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Friday, 19 June 2015

Being patient with people might get you closer to the truth

Mum was unwell again a couple of days ago when I went up to the nursing home so I drove up again yesterday to check on her and to make sure she was alright. We linked up with my brother on FaceTime using the iPad and he showed mum one of his cats. Mum always responds well to pets, he told me later when we sat down together to talk on the device. I had told him to make sure his communications with mum were positive and unambiguous because, I had said, older people can lose the faculties required to pick up subtle signals in our daily communications, in things such as voice, speech rhythms, and facial expressions. So the cat was happily employed.

While mum was talking with her other son I had strayed out into the hallway where I spoke to mum's neighbour, W, who was standing in her room near the door to the hallway. We spoke about mortality - as you are always prone to do in places like nursing homes, and as it was natural for us to do after mum's recent illness - and W confessed to me that she believed in an afterlife. I expressed doubt but went on to gently and carefully describe to W my personal cosmogony with its Big Bang and the putative whatever that must have come before that event. And then W rewarded my tolerance by telling me a story.

When she was younger she had been in hospital because during childbirth she had experienced a hemorrhage. They took her to the hospital, and while the doctors were attending to her body she felt herself lifting out of it and ascending to the ceiling, where she came to rest. She told me how she stayed there looking down from under the ceiling as the doctors did their work on her. When they had finished, she said, they wrapped her in a grey blanket.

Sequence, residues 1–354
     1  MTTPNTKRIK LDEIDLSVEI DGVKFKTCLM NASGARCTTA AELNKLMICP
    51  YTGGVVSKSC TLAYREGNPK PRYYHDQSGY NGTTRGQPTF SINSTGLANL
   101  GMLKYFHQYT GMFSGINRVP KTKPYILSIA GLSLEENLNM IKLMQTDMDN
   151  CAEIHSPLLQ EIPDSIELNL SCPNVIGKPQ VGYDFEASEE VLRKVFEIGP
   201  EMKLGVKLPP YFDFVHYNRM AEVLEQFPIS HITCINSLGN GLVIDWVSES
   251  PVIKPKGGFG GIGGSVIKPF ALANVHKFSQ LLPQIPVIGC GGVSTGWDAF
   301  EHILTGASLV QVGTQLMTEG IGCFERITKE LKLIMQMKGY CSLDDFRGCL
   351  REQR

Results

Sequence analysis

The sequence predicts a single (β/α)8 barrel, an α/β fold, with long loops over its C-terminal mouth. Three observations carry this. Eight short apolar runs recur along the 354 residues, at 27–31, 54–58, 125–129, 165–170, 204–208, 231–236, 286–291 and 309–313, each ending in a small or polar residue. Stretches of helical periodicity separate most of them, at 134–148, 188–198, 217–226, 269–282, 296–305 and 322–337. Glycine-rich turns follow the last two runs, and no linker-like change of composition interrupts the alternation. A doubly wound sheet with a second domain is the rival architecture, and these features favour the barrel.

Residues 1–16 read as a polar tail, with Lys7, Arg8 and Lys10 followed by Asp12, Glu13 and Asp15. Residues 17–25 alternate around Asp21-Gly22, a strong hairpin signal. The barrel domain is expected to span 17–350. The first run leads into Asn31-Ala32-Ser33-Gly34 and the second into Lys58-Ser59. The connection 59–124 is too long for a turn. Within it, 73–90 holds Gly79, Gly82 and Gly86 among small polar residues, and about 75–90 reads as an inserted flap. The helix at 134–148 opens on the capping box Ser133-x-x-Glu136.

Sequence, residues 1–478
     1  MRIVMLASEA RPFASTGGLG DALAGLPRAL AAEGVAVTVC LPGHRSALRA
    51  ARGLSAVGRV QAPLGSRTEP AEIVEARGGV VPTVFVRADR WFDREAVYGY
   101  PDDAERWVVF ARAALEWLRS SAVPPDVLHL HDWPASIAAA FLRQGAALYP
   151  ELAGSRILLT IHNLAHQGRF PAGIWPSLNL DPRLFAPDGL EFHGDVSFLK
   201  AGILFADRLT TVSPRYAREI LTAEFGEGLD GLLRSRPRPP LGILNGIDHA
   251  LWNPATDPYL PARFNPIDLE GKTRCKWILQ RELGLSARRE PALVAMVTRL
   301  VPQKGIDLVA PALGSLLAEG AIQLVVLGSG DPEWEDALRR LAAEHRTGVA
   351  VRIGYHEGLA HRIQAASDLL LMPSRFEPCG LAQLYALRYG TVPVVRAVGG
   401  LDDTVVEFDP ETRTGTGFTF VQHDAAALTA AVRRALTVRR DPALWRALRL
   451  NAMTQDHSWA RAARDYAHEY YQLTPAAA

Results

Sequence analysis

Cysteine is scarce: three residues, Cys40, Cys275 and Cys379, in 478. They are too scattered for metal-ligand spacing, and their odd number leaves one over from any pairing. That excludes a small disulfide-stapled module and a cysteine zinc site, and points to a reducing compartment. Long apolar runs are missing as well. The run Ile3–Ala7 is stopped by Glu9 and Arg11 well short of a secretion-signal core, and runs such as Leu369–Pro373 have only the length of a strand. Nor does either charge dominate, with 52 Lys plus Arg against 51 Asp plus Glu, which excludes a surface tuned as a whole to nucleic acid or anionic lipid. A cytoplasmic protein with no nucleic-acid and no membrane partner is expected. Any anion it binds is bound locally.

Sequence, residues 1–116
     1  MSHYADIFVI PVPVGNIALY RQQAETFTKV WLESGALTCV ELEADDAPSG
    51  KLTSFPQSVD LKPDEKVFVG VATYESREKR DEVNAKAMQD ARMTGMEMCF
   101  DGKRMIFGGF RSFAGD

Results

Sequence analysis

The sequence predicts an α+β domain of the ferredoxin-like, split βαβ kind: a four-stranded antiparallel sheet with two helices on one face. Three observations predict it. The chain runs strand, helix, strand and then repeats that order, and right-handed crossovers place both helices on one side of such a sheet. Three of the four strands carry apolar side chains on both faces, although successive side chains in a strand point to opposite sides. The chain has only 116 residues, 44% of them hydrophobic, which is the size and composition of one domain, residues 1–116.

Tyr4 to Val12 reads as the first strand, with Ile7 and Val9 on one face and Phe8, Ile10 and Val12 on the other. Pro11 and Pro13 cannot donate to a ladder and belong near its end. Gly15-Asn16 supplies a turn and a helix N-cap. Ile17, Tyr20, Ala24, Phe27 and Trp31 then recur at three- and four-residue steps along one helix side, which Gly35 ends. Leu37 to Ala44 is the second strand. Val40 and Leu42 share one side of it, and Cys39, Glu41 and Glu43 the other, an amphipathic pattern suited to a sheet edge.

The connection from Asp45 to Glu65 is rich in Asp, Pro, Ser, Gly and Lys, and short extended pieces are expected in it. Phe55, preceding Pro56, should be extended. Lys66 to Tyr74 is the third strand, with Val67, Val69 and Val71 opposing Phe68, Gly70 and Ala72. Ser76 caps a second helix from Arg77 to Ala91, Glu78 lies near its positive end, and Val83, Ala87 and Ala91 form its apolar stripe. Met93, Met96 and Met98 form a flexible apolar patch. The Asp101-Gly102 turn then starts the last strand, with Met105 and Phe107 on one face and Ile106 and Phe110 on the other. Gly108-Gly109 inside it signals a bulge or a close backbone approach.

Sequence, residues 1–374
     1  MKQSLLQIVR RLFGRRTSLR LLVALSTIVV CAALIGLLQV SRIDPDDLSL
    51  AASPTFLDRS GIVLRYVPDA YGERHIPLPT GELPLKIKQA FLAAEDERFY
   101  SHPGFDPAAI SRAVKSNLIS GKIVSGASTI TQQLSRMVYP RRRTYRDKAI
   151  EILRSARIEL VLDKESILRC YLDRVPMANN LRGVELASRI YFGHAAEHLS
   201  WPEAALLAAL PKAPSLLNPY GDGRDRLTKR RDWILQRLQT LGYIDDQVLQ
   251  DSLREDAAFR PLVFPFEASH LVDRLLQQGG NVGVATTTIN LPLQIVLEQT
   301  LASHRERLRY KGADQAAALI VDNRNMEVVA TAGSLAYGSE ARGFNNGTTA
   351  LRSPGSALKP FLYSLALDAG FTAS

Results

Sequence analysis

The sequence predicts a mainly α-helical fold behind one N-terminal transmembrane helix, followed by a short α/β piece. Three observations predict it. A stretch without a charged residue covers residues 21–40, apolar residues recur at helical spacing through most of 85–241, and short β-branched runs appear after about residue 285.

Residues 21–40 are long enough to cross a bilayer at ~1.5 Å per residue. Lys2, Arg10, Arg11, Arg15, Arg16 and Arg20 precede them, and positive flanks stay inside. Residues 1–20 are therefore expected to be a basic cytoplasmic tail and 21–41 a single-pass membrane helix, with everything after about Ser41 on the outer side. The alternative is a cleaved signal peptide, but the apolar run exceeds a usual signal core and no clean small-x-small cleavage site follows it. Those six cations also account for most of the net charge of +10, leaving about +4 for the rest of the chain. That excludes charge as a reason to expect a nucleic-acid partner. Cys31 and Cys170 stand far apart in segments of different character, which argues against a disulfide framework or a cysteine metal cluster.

When she awoke she felt hot and she looked down to find that she was wrapped in a grey blanket. That was how she knew that what she had seen from her position underneath the hospital's ceiling had been true. The walls of the ward, she told me, also did not go all the way up to the ceiling, so she had been able to see into other rooms while she was hovering up there in her spiritual suspended animation (or whatever it was). They had taken the grey blanket from a cupboard in a nearby room and later, when she had recovered, she went into that room to find that it was laid out exactly as she had seen during her out-of-body experience.

What W told me doesn't really alter my knowledge of the universe, except to tell me that sometimes you have to be patient with people if you want to hear the truth - the truth is not always the first thing that people say, usually because they are trying to protect themselves for some reason. But it does tell me that what Pixie, our family friend from all those years ago, whose paintings adorn mum's walls in her room in the nursing home, was accurate when she told us stories about poltergeists and other faeries that she had seen.

In Pixie's case the "faeries at the bottom of the garden" were as often as not me and my brother coming up from our place - situated down the hill from hers - to have one of our lovely talks with her after school one day. But yesterday's chat with W underscored to me how universal spirituality is, and how desperately we can cling to our quotidian understanding of life out of fear or horror or whatever it is that motivates us in these things.

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